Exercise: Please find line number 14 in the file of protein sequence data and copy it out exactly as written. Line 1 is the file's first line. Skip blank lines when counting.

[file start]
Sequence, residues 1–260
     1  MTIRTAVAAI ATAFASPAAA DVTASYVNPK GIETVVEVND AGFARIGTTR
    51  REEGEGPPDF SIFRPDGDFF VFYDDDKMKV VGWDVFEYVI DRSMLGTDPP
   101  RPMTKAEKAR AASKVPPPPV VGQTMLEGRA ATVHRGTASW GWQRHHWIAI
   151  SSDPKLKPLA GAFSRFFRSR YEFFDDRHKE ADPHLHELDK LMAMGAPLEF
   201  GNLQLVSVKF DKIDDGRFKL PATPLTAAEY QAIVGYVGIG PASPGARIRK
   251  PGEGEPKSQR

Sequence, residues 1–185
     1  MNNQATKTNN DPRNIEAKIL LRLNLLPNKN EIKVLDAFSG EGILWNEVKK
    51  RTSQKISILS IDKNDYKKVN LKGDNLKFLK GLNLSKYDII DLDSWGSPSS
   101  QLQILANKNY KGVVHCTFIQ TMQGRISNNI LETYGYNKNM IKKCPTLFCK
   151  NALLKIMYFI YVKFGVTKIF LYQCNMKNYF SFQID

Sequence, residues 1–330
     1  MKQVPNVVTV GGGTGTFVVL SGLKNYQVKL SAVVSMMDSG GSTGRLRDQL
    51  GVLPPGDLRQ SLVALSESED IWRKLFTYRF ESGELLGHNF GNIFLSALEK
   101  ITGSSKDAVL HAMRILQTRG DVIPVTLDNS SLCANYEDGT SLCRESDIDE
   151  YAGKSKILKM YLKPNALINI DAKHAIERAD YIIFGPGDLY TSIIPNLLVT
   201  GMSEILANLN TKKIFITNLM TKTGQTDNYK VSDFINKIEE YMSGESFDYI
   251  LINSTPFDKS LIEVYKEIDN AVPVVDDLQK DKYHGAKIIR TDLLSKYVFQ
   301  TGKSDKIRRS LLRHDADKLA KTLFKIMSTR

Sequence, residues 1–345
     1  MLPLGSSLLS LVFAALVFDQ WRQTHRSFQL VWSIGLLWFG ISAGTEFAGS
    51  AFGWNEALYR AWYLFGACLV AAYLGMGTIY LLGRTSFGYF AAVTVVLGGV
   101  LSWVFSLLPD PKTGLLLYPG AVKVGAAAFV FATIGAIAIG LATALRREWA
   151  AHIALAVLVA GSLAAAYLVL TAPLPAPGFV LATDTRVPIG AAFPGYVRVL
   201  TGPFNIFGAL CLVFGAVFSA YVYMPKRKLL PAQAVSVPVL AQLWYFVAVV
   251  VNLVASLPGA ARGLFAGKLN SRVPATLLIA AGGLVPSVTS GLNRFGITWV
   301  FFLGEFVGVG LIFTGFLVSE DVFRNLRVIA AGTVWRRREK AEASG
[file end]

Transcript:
     1  MKQVPNVVTV GGGTGTFVVL SGLKNYQVKL SAVVSMMDSG GSTGRLRDQL